Oscar Straus Composer
Der Tapfere Soldat (The Chocolate Soldier; operetta)
Musicology:Der tapfere Soldat is best translated as The Brave Soldier, or The Gallant Soldier. Some people began calling the operetta "Praline-Soldat" because the titular hero has a predilection for sweets, a characteristic that comes up only once in the first act. Thus, we have the unfortunate translation of Der tapfere Soldat as The Chocolate Soldier.
Der Tapfere Soldat (The Chocolate Soldier; operetta)Year: 1908
Pr. Instrument: Voice
Oscar Straus' Der tapfere Soldat was conceived primarily by Leopold Jacobson (1878 - 1945), who co-wrote the libretto with Rudolf Bernauer (1880 - 1953). Jacobson based his conception on George Bernard Shaw's (1856 - 1950) Arms and the Man, of 1894, which had for years been very popular in Vienna.
Shaw proved to be difficult in the negotiations to obtain the rights to use his play. At first, he refused, fearing that a successful operetta would overshadow his play. Eventually, Shaw gave in, but had several stipulations, among then that Jacobson use only the plot, not the dialogue, from the play and that it be made clear the operetta was "an unauthorized parody" of Arms and the Man. Also, he requested no royalties from the affair and made this fact public, further distancing himself from the project. As a result, Shaw lost a large sum of money.
The operetta opened on November 14, 1908, at the Theater an der Wien in Vienna. Its first run was comparatively short—only 62 performances—in part because of contemporary disturbances in the Balkans, and it quickly disappeared from the repertoire of Central European stages. However, it achieved great success in New York, where it ran for nine months beginning September 13, 1909, and in London, where a very successful run began a year later.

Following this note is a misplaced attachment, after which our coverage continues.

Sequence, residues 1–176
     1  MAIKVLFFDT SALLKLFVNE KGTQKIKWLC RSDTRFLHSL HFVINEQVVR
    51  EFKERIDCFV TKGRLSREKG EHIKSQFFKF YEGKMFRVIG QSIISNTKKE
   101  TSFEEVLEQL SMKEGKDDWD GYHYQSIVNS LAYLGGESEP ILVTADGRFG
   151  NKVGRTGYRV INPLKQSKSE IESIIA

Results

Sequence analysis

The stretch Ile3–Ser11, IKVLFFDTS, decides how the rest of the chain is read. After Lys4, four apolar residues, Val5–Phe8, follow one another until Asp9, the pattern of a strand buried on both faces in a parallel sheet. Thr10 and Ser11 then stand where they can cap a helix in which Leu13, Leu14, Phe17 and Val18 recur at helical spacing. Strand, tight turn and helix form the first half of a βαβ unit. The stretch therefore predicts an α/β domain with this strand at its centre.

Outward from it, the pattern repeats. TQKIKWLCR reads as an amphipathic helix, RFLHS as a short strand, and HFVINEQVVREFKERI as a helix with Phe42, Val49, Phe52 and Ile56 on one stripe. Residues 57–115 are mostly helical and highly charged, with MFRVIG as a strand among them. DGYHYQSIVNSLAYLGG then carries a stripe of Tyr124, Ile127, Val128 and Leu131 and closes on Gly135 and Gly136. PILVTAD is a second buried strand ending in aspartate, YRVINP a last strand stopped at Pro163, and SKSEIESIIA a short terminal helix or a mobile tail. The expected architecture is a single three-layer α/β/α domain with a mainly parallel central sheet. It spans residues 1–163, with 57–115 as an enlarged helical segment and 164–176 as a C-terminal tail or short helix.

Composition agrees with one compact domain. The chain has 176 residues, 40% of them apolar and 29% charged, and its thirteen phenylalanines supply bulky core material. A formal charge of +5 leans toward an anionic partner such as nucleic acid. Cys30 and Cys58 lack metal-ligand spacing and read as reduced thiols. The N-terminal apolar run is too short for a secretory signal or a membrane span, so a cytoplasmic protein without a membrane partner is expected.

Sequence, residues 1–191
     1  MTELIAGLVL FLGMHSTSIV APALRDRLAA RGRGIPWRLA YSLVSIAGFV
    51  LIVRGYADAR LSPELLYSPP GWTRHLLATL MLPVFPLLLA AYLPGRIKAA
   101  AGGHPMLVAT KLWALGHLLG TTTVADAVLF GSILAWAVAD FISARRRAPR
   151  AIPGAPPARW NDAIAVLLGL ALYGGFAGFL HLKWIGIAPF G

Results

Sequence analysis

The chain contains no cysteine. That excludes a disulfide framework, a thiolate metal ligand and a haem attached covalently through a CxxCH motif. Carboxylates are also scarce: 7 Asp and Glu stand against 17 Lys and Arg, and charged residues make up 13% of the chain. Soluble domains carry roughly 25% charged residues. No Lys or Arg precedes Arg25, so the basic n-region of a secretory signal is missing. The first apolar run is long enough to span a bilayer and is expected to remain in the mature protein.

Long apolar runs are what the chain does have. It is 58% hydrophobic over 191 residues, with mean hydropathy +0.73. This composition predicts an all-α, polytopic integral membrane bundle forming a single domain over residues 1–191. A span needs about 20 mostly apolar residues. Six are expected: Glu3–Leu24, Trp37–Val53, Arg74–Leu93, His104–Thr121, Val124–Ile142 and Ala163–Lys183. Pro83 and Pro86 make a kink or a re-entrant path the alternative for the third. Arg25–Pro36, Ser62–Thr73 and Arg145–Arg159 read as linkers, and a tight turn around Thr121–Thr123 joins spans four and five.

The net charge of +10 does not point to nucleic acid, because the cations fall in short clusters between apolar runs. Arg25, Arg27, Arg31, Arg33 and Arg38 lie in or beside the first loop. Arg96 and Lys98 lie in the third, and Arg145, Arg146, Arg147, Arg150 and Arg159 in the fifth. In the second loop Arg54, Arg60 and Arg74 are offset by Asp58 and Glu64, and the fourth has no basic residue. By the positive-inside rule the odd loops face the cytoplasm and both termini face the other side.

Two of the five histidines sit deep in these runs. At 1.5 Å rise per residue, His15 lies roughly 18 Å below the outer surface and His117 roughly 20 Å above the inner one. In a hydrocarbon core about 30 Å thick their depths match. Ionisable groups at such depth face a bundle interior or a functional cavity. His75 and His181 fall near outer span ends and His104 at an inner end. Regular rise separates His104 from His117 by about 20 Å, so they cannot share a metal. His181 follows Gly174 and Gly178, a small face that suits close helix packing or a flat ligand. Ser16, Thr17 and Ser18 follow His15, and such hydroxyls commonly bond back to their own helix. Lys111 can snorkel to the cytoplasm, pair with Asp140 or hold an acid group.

Jacobson and Bernauer's story revolves around Bumerli, an escaped prisoner of war who reveals to Nadina, his protector, that her fiancé, Major Spiridoff, is not the "brave soldier" she thinks he is. The battery of canons Spiridoff single-handedly captured was not loaded and its crew inept. Eventually, Nadina sees through her fiancé's façade and, not surprisingly, ends up marrying Bumerli.
Much of the success of Der tapfere Soldat stems from its most famous number, No. 2, Nadina's "Komm, komm, Held meiner Träume" (Come, come, hero of my dreams), featuring an infectious, slow waltz rhythm and spirited melody in the refrain. Straus suggests, musically, that Nadina and Bumerli belong together by making the slow waltz tempo Bumerli's rhythmic signature. This is clearly evident in his "Wenn man so könnte, wie man wollte" (If one could do as he wishes) (No. 10) and in "Pardon, Pardon, Pardon!" from the Act II finale. Perhaps most brilliant is Straus' characterization of the pompous, arrogant Alexius Spiridoff. In an ensemble in the second act, during which Spiridoff and Colonel Popoff, Nadina's father, return from the war against the Serbs, Spiridoff describes to Nadina his act of "bravery" in a martial 6/8 time. After Nadina answers Spiridoff, Popoff interrupts, singing his own praises, but in a bouncy polka rhythm, lending a sense of musical mockery to the number.
© John Palmer, Rovi